Wednesday, May 02, 2007

The Boy Who Didn't Believe in Spring

by Lucille Clifton, pictures by Brinton Turkle. E.P. Dutton, 1973.

I first discovered this book when Buster was in kindergarten. Two boys about six years old decide to go exploring down their city street to look for evidence of spring. The boys names are King Shabazz and his friend Tony Polito. What wonderful names! The story includes characters of a variety of ethnicities without calling attention to being "multicultural" for any teaching purpose.

They walk down a busy city street full of purposeful people going about daily life. I like how the city is depicted as busy and full of interesting people, tantalizing smells like fresh baked buns and BBQ. It's not a dangerous place, but it's exciting because the boys venture farther from home than they ever have when they cross a big street. They are each determined to show their friend their courage and persistence in looking for signs of spring even though they have insisted that it is all a myth told by grown ups.

King Shabazz's mama has been talking about crops and the teachers have been talking about blue birds. I can just here the boys talking on the stoop:

"King Shabazz decided he had just had enough. He put his jacket on and his shades and went by for Tony Polito.

"Look here, man," King said when they got out to the bottom step,"I'm goin to get me some of this Spring."
"What you mean, man?" Tony asked him.
"Everybody talkin bout Spring comin, and Spring just round the corner. I'm goin to go round there and see what do I see."

As their adventure unfolds, they come to a vacant lot that is empty except for an abandoned car. For these boys it is beautiful and exciting. The hear a whispery sound coming from it and creep up to peek inside. They take courage from each other, although each secretly hopes the other will want to go home instead. Together they tiptoe across the lot.

"When they were halfway to the car, Tony tripped and almost fell. He looked down and saw a patch of little yellow pointy flowers, growing in the middle of short spiky green leaves.

"Man, I think you tripped on these crops!" King laughed.
"They're comin up," Tony shouted. "Man, the corps are comin up!"

Even twenty years after first reading this I crack up every time. The boys are so earnest and full of wonder under their careful bravado. When I first read this story to Buster we were living in the city and found spring just the way these boys do - growing in vacant lots and sidewalk cracks. The joy of sudden color and vibrant new green life is the same wherever you find it, but somehow more startling and precious in an empty lot beside rushing traffic.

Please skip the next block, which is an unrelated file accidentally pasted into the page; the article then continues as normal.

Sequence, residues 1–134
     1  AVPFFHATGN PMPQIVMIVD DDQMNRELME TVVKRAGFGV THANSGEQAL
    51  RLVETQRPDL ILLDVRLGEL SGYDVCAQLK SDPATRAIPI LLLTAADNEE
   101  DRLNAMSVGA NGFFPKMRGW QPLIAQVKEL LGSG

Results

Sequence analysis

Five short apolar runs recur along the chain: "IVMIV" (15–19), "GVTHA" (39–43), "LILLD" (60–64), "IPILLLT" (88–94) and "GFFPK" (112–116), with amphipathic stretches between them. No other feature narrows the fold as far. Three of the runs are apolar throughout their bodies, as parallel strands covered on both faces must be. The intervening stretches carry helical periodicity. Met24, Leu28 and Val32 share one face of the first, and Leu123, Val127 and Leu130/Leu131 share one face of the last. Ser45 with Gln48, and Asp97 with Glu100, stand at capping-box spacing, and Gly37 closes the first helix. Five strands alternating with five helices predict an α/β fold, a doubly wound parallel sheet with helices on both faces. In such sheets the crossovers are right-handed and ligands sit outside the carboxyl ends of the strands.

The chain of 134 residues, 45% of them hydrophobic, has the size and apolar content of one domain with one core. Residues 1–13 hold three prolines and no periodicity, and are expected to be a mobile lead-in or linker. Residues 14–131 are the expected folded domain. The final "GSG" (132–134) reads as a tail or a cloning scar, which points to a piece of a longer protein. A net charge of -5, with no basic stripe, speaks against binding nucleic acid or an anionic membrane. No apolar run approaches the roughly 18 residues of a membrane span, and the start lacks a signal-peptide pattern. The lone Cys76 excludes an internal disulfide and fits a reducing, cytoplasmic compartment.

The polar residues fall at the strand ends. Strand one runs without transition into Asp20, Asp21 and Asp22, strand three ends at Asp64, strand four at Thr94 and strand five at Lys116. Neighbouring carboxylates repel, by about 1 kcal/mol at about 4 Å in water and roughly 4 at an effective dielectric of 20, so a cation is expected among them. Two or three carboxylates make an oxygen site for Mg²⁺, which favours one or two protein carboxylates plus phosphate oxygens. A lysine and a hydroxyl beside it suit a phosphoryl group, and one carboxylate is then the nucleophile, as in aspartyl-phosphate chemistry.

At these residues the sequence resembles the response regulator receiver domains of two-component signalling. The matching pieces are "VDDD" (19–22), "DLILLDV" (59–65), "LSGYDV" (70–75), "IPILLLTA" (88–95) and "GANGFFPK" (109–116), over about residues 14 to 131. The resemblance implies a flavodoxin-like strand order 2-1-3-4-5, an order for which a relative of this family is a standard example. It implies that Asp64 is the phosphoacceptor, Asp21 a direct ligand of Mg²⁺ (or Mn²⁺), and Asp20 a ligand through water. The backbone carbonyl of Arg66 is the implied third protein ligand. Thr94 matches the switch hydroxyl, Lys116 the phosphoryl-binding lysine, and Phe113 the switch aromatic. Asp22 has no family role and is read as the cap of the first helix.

When the boys get to the car they find a bird's nest full of sky blue eggs. They whisper in reverent awe over the miracle. Then Tony's older brother shows up looking for him and threatening his mother's punishment for going off on their own. Buster was a bit put off by that bit, as he is young enough to take it literally. I had to explain that "Mom is going to kill you!" was more of a threat than a real prediction. We have read this book together several nights in a row and he is fascinated with the boys and their point of view. The illustrations of city life and the boy's wide eyed faces are touching and engaging. Clifton and Turkle have collaborated in a beautiful synchronicity in this little book. It's a treasure.


Stacey Shubitz said...

Sounds wonderful. I'm going to look for the book this weekend. THANKS!

Anonymous said...

I find the lack of proper English in this book unnerving considering its use in school as a teaching tool.

Andromeda Jazmon said...

Robert, I consider it poetry rather than a grammar textbook. I think kids can navigate a range of styles of English and have no trouble selecting the appropriate level of formality depending on the context, meaning and intent of the communication.